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Outcomes of remotely delivered behavioral insomnia interventions for children and adolescents: systematic review of randomized controlled trials

  • Lah, Suncica
  • Cao, Thanh Vinh
Published Article
Frontiers in Sleep
Frontiers Media S.A.
Publication Date
Jan 11, 2024
DOI: 10.3389/frsle.2023.1261142
  • Sleep
  • Review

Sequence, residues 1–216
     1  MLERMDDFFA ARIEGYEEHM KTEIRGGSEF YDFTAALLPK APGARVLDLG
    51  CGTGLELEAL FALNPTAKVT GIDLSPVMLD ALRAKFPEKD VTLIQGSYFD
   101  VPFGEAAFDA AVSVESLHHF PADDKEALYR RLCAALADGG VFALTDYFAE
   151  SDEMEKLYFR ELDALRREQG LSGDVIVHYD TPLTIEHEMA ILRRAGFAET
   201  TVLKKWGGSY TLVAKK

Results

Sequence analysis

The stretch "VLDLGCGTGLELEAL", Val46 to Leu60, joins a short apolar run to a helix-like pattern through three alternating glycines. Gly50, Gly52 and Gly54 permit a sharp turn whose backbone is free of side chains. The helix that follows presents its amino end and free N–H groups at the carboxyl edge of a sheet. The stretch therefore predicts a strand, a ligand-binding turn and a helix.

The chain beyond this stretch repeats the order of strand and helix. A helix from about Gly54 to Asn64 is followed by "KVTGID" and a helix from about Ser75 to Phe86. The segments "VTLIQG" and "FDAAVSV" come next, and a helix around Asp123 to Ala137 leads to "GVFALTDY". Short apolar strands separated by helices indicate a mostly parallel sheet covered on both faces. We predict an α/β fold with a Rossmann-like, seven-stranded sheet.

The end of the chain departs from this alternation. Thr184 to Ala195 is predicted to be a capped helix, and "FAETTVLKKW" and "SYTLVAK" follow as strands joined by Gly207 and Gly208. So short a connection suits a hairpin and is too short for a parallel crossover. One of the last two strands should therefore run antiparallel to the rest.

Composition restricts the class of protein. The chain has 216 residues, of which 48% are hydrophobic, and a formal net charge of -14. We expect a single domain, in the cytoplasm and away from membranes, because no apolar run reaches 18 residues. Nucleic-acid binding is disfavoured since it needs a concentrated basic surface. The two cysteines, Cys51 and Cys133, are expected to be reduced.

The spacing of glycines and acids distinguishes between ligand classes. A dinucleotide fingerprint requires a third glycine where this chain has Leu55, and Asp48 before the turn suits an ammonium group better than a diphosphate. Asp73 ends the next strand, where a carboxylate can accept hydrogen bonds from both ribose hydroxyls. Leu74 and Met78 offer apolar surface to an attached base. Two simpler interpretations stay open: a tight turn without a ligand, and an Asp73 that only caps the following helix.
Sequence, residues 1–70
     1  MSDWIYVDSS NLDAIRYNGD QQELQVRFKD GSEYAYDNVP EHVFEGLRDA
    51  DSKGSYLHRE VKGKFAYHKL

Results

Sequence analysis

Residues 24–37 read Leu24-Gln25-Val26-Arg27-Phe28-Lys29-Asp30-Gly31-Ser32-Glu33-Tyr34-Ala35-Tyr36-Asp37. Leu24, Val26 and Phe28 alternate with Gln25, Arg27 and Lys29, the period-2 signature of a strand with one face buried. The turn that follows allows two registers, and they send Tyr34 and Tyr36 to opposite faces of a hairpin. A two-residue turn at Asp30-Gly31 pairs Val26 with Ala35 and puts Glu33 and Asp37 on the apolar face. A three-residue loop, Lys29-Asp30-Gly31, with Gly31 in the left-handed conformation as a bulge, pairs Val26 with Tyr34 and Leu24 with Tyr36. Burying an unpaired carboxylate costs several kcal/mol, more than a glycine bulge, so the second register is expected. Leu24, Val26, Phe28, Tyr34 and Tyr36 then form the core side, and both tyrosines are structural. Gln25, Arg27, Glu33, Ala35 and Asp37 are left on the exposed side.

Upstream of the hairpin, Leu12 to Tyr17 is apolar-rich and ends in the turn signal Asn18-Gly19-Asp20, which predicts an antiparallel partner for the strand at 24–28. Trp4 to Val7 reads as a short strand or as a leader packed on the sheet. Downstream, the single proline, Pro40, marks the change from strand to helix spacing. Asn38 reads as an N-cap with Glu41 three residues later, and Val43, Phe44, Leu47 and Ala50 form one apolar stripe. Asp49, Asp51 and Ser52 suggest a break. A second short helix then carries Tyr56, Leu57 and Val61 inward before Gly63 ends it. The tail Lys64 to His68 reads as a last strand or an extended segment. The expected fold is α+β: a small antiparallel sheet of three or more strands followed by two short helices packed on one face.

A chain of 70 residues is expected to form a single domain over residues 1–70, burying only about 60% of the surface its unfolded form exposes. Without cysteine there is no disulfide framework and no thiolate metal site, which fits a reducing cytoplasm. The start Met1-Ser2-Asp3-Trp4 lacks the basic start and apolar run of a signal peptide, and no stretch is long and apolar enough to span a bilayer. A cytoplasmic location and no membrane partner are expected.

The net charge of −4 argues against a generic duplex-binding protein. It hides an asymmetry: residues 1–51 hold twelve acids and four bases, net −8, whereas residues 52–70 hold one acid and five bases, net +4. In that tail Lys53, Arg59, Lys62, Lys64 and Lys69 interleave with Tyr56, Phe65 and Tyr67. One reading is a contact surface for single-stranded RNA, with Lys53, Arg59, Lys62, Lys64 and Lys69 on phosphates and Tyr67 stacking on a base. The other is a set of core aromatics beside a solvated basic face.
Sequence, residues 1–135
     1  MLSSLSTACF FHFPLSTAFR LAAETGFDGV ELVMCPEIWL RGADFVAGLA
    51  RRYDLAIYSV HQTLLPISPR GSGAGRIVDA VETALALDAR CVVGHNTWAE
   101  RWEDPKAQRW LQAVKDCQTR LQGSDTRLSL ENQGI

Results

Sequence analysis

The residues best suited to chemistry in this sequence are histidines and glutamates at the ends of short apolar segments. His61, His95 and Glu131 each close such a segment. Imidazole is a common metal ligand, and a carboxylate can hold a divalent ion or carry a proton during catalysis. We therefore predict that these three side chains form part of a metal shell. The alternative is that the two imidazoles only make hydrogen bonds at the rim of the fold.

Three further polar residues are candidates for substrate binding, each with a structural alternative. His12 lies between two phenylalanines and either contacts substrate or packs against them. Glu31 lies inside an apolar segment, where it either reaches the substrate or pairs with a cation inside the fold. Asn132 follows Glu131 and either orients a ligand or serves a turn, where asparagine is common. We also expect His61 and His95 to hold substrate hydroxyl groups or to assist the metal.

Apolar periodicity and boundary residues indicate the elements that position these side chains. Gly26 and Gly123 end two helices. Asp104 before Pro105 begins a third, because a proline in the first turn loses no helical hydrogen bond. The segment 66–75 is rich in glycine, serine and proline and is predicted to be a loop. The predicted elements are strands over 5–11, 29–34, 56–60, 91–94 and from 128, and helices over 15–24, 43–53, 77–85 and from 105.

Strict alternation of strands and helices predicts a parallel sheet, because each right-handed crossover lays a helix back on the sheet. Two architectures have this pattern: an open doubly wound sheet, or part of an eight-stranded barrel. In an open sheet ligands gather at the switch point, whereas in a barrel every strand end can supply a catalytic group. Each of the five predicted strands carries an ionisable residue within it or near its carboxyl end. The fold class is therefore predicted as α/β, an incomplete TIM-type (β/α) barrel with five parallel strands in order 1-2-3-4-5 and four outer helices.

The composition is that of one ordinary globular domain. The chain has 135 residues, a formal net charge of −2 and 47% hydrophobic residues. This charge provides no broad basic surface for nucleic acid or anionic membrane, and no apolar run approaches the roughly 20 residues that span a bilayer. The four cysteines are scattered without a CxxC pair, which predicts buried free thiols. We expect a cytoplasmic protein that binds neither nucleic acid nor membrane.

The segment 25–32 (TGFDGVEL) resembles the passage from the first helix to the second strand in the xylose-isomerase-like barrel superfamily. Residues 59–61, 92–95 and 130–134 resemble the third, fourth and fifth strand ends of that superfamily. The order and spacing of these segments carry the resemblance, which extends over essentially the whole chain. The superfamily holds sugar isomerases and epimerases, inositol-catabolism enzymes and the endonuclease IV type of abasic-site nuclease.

Pediatric insomnia is common and can be effectively treated with behavioral therapies delivered face-to face. Such treatments could also improve children's mood, cognition, and quality of life, and caregivers' wellbeing. There is a discrepancy between high needs and limited access to pediatric behavioral insomnia treatments, which could be improved by provision of technology enhanced interventions. No study reviewed outcomes of randomized controlled trials (RCTs) of remotely delivered psychological treatments for pediatric insomnia. The current study aimed to examine (i) the outcomes of remotely delivered RCTs for pediatric insomnia/insomnia symptoms and (ii) whether gains made in treatment extend to functional correlates. We conducted a systematic review according to Cochrane and PRISMA guidelines. PsychINFO, PubMed/Medline and Cochrane CENTRAL databases were searched for RCTs reporting on remotely delivered behavioral treatments for insomnia and insomnia symptoms. Data was abstracted and the risk of bias were assessed in November 2022 and November 2023. Seven RCTs (nine manuscripts) involving 786 participants, with the mean age from 19.3 months to 16.9 years, were identified. Four different treatments were used. Risk of bias ranged from low to high and was the highest for the randomization process. Across studies, significant improvements were found in some (but not all) sleep parameters, namely: sleep quality and sleep efficacy on questionnaires and on actigraphy, despite heterogeneity of the treatments used, age of participants and instruments employed to assess outcomes. Improvements gained in treatments delivered remotely was compared to treatments delivered face-to-face in 3 studies and were found to be comparable or slightly lower. No worsening was observed on either objective or subjective measures of sleep, except for sleep onset latency and wake after sleep onset that improved on questionnaires but worsened on actigraphy in one study each. Children's mood improved across studies on parent and self-report measures. Other possible functional gains were understudied. Our study provides preliminary evidence of improved sleep following remotely delivered behavioral treatments for pediatric insomnia, and improvements in children's mood. Further research is needed to develop individualized treatments that will cater for different developmental needs and types of insomnia symptoms and examine not only group but also individual outcomes.

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